(13) log ( L ( y v ( 1 : n v ) , y e ( 1 : n e ) , y s ( 1 : n s ) | θ ) = ( 1 n v i = 0 n v log L ( y v ( i ) | θ ) + 1 n e i = 0 n e log L y e ( i ) | θ + 1 n s i = 0 n s log L ( y s ( i ) | θ ) ) n v + n e + n s 3 ,

where L is likelihood of observed VOD (yv), ET (ye), and surface soil moisture (ys) under given parameters θ (including all the 13 parameters to be retrieved). nv, ne, and ns are the number of valid data of VOD, ET and surface soil moisture, respectively. Due to the unbalanced number of observations among the measurement types, renormalizing the weights in each category based on its number of observations avoids overweighting of semidaily VOD and surface soil moisture over weekly ET observations.

For the global retrievals, pixels classified by MODIS land cover data as wetland, urban area, barren area, snow/ice covered, or tundra dominated were excluded from the analysis. Pixels for which VOD is below 0.15 or above 0.8 were also excluded to remove sparsely vegetated pixels and extremely dense vegetation areas, respectively. The most densely vegetated areas were removed because low microwave transmissivity significantly reduces the accuracy of VOD and soil moisture retrievals there (Kumar et al.2020), and low VOD pixels were removed to reduce inaccuracies due to ground volume scattering and low vegetation density. For the remaining pixels, parameters were retrieved using observations in 2004 and 2005, during which the El Niño event and the elevated tropical North Atlantic sea surface temperatures induced drought stress in many regions across the globe (Phillips et al.2009; FAO2014). Here, we used only 2 years of observations, rather than the entire period, to reduce the computational load of model–data fusion. The remaining 7 years were used for testing. Separating retrieval and testing periods also helped to (potentially) identify overfitting.

For each pixel, four MCMC chains were used. Each started randomly within the prior parameter ranges, and each generated 50 000 samples. Within- and among-chain convergences were diagnosed by Gelman–Rubin (< 1.2) and Geweke values (< 0.2; Brooks and Gelman1998). Across the studied pixels, all parameters converged for 79 % of pixels, while at least half of the parameters converged for 97 % of pixels. The remaining 3 % of pixels that did not converge were removed from the analysis. For each pixel, 200 samples were randomly selected from the chains after step 40 000 as posterior samples of parameters. Ensemble means of VOD, surface soil moisture, and ET modeled using posterior samples were compared to observations during the period 2003–2011. Posterior means of the hydraulic traits in each pixel were used for analysis below.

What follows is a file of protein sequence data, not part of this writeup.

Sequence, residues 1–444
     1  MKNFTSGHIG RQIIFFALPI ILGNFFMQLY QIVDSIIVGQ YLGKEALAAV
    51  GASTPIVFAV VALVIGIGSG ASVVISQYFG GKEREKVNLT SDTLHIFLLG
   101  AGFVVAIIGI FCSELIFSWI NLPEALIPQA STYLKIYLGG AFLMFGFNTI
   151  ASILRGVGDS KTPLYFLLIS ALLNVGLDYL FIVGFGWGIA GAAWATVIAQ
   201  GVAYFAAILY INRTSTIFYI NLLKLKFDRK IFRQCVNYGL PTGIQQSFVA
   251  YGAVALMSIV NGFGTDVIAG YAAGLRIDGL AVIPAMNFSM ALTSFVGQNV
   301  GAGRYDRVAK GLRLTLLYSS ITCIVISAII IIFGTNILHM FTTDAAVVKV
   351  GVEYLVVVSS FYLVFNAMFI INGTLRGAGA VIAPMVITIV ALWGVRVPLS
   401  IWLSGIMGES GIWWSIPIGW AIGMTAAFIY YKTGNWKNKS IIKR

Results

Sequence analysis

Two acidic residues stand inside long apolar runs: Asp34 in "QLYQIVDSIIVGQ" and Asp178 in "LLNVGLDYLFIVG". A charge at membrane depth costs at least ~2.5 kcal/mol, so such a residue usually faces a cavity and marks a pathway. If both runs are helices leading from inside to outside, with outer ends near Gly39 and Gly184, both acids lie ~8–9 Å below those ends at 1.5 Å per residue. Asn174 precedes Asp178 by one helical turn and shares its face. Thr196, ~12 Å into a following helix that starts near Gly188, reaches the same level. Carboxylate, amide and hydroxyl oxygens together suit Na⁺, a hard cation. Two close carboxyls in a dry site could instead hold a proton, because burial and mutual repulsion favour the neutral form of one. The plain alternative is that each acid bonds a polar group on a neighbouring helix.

2.4 Climate forcing and ancillary properties

The model–data fusion system was run at 0.25 resolution. Meteorological drivers at this spatial resolution and the 3 h temporal resolution used by the model were derived from the Global Land Data Assimilation System (GLDAS; Rodell et al.2004; Beaudoing and Rodell2020). In particular, GLDAS-derived forcings include net shortwave radiation, air temperature, precipitation, surface atmospheric pressure, specific humidity, and aerodynamic conductance calculated using the ratio between the sensible heat net flux and the difference between air and surface skin temperatures. LAI data from the MODIS (Moderate Resolution Imaging Spectroradiometer) product MCD15A3H v006 (Myneni et al.2015), with a 500 m resolution, were aggregated to a 0.25 scale, using a Google Earth Engine, to be consistent with the GLDAS climatic drivers. Missing data were linearly interpolated, and a Savitzky–Golay filter (Savitzky and Golay1964) was applied to diminish high-frequency noise in the LAI time series. To estimate Vcmax,w, a PFT map from the GLDAS land cover map derived from MODIS was used (Fig. S2). The Vcmax,w of each PFT was set as the static PFT-average from Walker et al. (2017) and corrected by temperature, following Medlyn et al. (2002). The maximum rooting depth was obtained from a global map synthesized from in situ observations (Fan et al.2017). Soil texture from the Harmonized World Soil Database (FAO/IIASA/ISRIC/ISSCAS/JRC2012) was used to calculate soil drainage parameters based on empirical relations (Clapp and Hornberger1978).

2.5 Analyses

2.5.1 Observing system simulation experiment